Former Boots boss: 'Buy-to-let replaced my salary in four years'
Cathy Colston rents houses in multiple occupation (HMO), where she takes an average 15pc income across nine properties
Homework: Cathy Colston, formerly a successful executive, plans and monitors her property investments meticulously Photo: Christopher Jones
By Richard Dyson
Cathy Colston quit a senior role at Boots, where she was in charge of the group’s pharmacies, with the aim of replacing her large income through property investment.
That was in 2010, when she was in her mid-40s with two teenage sons. Now she owns around a dozen properties, let on average to six sharers, which she claimed was the highest-yielding form of buy-to-let, although “not the easiest”.
She had some property investment experience: in 2005 she inherited a large bedsit above a flat in Cardiff, which she converted into three small ones.
“It was challenging but I learnt a lot, particularly about the importance of the quality of the property, and how much that matters to tenants,” she said.
On leaving her job she took time out “learning, reading and studying the housing market”, she said. “I needed every pound to generate as much income as possible.”
Not only was she looking to replace her previous income almost immediately, but her properties would need to see her through retirement.
Chasing the highest possible returns led her to HMOs – houses in multiple occupation. “HMOs are more complex and involve more input and time,” she said. “I don’t think they are for part-time buy-to-let investors or beginners. But they do offer the best returns. Younger people are looking for quality accommodation, and it’s in short supply. These people are happy to share with their peers, but the property has to be right.”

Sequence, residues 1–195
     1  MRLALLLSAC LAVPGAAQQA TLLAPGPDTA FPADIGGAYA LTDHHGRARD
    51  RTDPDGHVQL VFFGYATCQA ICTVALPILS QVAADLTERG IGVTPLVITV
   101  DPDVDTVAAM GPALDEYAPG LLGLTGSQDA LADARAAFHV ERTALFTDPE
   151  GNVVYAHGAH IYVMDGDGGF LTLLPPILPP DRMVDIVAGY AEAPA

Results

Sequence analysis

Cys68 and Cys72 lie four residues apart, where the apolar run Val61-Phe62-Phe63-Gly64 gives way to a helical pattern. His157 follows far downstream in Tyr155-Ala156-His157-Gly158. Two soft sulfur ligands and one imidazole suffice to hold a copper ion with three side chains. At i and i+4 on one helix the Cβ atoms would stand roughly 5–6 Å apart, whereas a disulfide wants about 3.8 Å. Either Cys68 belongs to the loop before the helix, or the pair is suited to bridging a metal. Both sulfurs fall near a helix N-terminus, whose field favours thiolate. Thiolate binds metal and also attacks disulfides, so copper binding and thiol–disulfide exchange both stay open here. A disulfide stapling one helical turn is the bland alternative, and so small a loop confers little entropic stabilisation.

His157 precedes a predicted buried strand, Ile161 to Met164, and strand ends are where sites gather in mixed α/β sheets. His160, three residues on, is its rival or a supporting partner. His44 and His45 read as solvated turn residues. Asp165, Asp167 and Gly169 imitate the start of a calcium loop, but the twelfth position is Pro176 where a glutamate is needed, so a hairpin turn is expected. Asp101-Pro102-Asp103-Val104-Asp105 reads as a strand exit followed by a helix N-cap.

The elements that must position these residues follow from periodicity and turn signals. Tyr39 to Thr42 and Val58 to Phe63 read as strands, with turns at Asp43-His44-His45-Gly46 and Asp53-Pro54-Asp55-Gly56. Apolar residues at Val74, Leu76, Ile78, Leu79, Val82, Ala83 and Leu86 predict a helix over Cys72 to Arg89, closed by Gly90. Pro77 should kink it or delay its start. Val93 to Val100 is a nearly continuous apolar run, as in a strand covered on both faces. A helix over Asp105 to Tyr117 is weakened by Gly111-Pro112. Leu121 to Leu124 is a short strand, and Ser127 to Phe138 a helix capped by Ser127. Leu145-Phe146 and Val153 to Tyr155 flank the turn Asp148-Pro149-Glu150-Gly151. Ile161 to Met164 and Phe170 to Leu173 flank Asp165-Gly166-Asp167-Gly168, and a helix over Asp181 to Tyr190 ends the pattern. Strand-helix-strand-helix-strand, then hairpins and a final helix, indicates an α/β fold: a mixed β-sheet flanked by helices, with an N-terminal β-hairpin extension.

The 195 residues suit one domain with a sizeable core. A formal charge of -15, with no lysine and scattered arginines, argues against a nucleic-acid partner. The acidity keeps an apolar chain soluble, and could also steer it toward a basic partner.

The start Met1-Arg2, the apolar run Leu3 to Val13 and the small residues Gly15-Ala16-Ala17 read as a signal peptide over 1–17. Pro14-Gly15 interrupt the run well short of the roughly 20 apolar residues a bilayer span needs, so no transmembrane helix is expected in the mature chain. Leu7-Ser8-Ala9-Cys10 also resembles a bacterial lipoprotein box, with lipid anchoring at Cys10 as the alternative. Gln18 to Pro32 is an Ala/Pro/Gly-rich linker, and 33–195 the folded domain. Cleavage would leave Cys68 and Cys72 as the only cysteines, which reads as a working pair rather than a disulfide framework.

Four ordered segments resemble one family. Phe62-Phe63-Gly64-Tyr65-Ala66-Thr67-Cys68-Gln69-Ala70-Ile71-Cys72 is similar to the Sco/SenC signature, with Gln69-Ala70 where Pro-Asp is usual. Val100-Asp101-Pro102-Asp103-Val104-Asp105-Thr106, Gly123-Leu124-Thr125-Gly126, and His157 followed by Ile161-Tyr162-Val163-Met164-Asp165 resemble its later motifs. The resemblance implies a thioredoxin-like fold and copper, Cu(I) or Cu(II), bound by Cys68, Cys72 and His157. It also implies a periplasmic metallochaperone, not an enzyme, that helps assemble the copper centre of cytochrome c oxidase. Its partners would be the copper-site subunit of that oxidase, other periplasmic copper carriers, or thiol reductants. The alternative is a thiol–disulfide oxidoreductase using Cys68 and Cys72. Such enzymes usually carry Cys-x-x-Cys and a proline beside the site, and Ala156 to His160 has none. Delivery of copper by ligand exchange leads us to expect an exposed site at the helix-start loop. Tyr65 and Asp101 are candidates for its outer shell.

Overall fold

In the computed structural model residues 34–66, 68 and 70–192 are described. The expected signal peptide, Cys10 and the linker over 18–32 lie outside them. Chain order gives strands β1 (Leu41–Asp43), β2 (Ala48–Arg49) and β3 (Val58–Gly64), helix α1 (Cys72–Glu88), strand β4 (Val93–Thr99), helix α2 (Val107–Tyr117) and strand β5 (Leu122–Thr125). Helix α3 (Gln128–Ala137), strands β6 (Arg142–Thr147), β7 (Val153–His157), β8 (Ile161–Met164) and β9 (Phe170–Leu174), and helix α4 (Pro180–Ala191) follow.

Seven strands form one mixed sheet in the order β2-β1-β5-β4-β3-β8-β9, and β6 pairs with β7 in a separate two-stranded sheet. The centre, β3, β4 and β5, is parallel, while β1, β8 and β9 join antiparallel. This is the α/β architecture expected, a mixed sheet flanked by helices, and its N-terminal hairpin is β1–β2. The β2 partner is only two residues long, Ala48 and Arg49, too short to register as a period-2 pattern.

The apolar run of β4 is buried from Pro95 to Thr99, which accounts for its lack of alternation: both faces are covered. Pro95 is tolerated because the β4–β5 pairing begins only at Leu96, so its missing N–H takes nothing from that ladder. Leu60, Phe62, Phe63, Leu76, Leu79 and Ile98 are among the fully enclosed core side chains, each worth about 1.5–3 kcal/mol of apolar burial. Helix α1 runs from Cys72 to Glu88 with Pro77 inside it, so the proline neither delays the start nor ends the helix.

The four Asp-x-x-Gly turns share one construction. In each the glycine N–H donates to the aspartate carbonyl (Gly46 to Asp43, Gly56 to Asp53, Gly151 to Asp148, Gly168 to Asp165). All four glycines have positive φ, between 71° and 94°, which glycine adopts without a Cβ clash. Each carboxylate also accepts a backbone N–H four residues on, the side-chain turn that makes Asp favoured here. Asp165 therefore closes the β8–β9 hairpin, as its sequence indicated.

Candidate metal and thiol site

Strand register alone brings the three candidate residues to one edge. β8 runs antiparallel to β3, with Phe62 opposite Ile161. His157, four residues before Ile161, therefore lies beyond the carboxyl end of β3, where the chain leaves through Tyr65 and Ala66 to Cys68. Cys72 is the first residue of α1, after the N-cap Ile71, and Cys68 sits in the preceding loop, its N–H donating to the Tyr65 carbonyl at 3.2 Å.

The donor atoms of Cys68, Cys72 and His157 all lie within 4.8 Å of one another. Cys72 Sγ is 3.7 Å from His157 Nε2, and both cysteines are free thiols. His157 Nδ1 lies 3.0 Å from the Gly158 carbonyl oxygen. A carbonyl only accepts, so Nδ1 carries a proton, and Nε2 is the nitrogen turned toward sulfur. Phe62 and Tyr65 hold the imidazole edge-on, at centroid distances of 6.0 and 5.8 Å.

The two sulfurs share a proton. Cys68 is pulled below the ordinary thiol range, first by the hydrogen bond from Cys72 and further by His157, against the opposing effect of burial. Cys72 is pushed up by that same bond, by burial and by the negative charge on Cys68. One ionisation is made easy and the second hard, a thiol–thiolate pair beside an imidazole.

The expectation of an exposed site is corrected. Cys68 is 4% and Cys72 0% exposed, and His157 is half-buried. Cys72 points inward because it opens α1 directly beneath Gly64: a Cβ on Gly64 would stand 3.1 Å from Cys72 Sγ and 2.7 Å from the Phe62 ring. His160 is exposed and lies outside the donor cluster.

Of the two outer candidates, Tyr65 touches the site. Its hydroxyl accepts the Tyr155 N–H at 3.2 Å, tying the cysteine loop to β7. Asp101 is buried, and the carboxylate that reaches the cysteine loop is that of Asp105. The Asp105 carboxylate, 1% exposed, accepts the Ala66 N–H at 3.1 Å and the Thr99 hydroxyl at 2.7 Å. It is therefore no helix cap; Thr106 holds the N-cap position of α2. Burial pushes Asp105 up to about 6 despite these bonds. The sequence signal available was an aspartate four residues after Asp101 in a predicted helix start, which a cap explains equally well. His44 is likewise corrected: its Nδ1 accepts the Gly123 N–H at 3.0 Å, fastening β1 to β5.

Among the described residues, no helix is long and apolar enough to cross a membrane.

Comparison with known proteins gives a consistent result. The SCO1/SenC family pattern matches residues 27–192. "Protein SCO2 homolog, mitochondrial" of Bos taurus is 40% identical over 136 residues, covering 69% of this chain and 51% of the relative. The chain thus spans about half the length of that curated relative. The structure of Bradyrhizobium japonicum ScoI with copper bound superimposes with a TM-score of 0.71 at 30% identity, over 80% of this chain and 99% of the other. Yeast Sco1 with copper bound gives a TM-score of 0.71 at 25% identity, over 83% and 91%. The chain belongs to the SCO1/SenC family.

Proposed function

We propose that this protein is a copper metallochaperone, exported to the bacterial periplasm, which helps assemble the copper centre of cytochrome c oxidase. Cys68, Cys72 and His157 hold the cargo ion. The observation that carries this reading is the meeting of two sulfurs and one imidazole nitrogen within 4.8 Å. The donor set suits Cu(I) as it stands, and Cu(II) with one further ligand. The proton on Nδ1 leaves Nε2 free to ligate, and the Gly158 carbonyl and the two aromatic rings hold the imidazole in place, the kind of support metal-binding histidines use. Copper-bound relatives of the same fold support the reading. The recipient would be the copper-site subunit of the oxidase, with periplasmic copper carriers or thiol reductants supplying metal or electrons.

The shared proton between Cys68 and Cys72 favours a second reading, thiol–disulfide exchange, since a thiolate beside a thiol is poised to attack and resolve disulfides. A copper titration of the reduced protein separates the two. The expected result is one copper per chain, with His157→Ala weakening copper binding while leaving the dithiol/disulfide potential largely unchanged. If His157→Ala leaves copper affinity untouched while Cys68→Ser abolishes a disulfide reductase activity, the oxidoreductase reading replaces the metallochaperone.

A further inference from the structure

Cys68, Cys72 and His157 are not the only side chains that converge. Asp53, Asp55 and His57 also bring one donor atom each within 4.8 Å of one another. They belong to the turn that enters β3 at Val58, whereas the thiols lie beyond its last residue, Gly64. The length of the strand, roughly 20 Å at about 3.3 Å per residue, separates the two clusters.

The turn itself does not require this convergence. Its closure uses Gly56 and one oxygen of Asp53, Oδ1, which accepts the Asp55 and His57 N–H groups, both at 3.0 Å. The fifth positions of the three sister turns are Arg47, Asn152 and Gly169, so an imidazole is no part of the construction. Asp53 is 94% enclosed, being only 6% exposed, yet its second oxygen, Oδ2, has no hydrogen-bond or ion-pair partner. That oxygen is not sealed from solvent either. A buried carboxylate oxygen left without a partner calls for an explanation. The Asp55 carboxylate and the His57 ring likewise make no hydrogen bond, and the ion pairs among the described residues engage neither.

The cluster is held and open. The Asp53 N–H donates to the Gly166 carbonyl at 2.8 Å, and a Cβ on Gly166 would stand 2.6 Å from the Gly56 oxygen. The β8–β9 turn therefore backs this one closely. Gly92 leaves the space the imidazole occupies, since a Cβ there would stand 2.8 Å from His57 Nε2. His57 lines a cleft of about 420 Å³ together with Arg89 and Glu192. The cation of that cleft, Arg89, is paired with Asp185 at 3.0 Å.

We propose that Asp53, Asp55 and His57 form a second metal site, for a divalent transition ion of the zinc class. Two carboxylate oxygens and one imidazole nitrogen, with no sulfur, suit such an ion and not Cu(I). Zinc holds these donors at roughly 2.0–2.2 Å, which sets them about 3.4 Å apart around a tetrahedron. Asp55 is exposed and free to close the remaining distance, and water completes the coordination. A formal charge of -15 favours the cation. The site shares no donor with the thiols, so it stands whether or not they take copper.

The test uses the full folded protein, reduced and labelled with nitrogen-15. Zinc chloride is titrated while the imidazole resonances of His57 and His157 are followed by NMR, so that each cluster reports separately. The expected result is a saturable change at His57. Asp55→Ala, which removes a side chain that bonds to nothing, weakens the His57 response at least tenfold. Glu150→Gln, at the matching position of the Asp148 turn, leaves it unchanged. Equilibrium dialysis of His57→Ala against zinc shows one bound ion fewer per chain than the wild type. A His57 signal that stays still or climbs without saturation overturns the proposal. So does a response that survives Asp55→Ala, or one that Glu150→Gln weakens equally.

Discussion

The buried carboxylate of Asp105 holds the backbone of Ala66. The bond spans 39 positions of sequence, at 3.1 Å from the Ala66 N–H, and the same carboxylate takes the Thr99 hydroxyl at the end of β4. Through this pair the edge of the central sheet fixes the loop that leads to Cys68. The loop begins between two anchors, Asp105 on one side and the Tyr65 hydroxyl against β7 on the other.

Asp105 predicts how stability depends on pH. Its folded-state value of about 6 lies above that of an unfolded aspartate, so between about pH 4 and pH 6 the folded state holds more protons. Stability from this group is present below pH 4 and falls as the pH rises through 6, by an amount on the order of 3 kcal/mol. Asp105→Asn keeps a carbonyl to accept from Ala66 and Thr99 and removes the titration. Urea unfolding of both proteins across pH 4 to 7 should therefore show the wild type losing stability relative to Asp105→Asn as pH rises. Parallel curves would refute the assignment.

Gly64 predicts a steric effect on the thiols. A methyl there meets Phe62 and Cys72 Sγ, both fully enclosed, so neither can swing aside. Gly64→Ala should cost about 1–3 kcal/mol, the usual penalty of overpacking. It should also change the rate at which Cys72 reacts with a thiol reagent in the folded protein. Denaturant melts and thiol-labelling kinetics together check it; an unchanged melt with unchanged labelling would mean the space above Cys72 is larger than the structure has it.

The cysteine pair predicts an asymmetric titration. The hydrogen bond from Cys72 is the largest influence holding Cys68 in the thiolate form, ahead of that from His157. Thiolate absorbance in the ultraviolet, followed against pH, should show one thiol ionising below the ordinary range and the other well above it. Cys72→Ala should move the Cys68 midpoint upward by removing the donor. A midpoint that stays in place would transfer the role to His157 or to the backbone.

For Ms Colston yield – the rental return on her investment – is everything. Capital appreciation, if she gets any, is a welcome but secondary consideration. The average buy-to-let yield, across the mainstream market, is variously calculated at between 5pc and 6pc and much less in expensive areas such as London. This isn’t enough for Ms Colston, who cashflow into a loss. She reckons she obtains a yield of 15pc across her nine HMOs, which are in Bath, Cardiff and Bristol. She has several properties let to students, as well as “ordinary” buy-to-lets, which yield less, although still healthily, at 10pc.
“I need to sleep at night,” she said. “I’m mindful of the fact that interest rates will rise. I need a yield north of 10pc on everything I buy.”
Her HMO properties are let to professionals who share. The tenants’ rent includes all bills. “I pay the utility bills and the council tax,” said Ms Colston. The tenants all have separate contracts with her – the advantage being that if one leaves, the rest continue paying the rent. This is different from the situation with student houses, where there is typically one contract and where tenants are responsible for their own bills.